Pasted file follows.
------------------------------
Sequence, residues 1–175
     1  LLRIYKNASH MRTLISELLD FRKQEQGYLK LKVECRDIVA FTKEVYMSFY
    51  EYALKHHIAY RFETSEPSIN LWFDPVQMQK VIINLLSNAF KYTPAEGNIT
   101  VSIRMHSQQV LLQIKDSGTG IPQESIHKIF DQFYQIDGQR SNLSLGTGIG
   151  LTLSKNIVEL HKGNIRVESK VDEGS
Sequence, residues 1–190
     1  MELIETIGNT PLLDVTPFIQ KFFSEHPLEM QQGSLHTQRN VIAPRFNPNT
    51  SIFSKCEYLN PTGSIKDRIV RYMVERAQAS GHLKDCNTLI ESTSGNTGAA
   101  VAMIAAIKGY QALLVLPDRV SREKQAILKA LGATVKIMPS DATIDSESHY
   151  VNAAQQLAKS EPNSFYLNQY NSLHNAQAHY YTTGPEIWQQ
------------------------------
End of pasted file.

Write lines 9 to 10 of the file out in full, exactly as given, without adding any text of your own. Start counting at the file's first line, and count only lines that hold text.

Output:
   101  VAMIAAIKGY QALLVLPDRV SREKQAILKA LGATVKIMPS DATIDSESHY
   151  VNAAQQLAKS EPNSFYLNQY NSLHNAQAHY YTTGPEIWQQ